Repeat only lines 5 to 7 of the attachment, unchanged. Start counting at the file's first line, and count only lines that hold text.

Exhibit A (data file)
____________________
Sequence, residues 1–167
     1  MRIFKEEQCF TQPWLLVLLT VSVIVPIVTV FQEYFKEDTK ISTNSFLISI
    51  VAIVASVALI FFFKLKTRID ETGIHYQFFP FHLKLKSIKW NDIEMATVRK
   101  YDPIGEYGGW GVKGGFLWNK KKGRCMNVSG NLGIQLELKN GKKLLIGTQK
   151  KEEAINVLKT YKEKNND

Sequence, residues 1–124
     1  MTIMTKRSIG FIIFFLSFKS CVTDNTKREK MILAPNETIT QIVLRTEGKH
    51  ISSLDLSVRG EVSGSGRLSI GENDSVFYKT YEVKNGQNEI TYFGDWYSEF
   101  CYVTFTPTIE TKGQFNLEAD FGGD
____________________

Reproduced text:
   151  KEEAINVLKT YKEKNND

Sequence, residues 1–124
     1  MTIMTKRSIG FIIFFLSFKS CVTDNTKREK MILAPNETIT QIVLRTEGKH